I ran a race this weekend! It’s been a while and I loved going through the pre-race routine again: sitting in the car beforehand trying to settle my nerves, making sure I had everything I needed (socks and Garmin — important!), pinning on my bib.
You know what I didn’t love? Actually running the race. But that’s just a minor detail.
I decided to sign up for this race because my 10K training schedule called for it. I have four weeks done of my plan and only four weeks to go. Legs for Literacy is my last goal race of the year and I’m really hoping for a PR.
I was also hoping for a PR at this weekend’s 5K, but it wasn’t in the forecast.
I drove down to Nova Scotia on Friday night. I stayed the night with my husband (he works in the area) and then woke up early to make the 20-minute drive to Amherst. It was my first time ever showing up to a race alone.
I did a small warm-up and tried to shake my nerves out. For some reason I was extremely nervous about this race. I really wanted to go all-out and I think I was afraid of the pain. I get nauseous really easily when running “fast” so it’s not exactly enjoyable for me.
The beeper went off and we all surged ahead. There weren’t many people participating, and everyone was running different distances: 5K, 10K and half.
The first few hundred metres were pavement, including a steep downhill that I had not noticed during my warm-up. My heart sunk because I knew I would have to climb that hill at the very end since the race was an out-and-back course.
At the bottom of the hill we hit a flat dirt road that stretched out over the Tantramar marsh. The view was beautiful! I loved running beside the cows grazing in the marsh.
The terrain was challenging. I feel fastest on pavement. Even a gravel path makes me feel like I’m getting sucked down into the earth because of the extra friction. This dirt path had a lot of big rocks so the footing was tricky for me. It definitely slowed me down.
I knew I wasn’t hitting anywhere near my goal pace so it quickly became a mental battle to stay positive. I had so much negativity running through my head and I wanted to walk several times.
… I felt nauseated from about the first 100 metres on.
… I decided around the 1K mark that I was never racing a 5K again.
Despite all those negative thoughts, I persevered. At the 2.5K turnaround I dumped some cold water on my head — it was hot! — and started to ask the volunteers I saw for some cheers to keep me motivated. I hit the hill at the end and slowed right down, but kept running.
Toward the top I really felt woozy and was dry heaving a little bit. I usually don’t do that until after the finish line but my body just wanted nothing to do with running anymore. It was a slight downhill to the finish so I tried to push it so I could finish under 29 minutes.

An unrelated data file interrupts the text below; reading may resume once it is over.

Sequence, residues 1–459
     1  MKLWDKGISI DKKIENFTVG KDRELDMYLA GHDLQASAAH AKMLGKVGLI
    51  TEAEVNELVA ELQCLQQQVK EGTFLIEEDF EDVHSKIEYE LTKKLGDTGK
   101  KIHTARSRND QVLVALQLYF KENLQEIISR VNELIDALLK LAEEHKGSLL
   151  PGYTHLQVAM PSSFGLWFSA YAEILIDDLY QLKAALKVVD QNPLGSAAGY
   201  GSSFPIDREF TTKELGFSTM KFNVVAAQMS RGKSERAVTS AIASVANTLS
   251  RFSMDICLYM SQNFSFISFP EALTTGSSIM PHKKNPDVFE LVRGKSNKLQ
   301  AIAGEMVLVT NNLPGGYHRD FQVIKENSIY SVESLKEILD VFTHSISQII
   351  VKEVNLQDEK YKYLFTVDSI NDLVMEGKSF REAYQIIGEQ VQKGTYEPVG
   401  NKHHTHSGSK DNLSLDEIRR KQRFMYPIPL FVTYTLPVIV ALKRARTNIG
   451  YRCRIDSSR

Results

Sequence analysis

This my angry face:
My chip time was 28:52, more than a minute slower than my personal best.
I had to stumble over to a bench right away and the first-aid people came over to give me some ice and Gatorade. I felt so embarrassed about what a toll a simple 5K had taken on me. Honestly, I felt worse than I did after my marathon.
I originally felt really disappointed in my performance but after some reflection this weekend I decided I’m tired of making excuses or talking about being “slow.”
I’ve seen a ton of improvement since I started running three years ago. Back then, a 5K was a huge deal. My first 5K time was 37:44 and I was very proud of it — as I should be of this one.
Here are some of my takeaway lessons learned:
1. I didn’t taper for this race, and that took a toll on me.
2. I was really tired. Friday I woke up for a 6:15 a.m. swim practice. After work I drove to Nova Scotia and stayed up too late instead of relaxing and calming myself down.
3. I went out too fast, hoping to bank some time.
4. If I want to get faster, I need to do more speedwork. I only returned to regular running four weeks ago and I rarely look at my pace when I’m running. This is fine, but I shouldn’t expect a dream race day based on that type of training.
5. Get back to running hills!
A bright spot in the day was the fact that I placed 2/17 women and received an extra medal. Despite it being a small race, I will cherish that award because it’s the first non-participation medal I’ve received for running.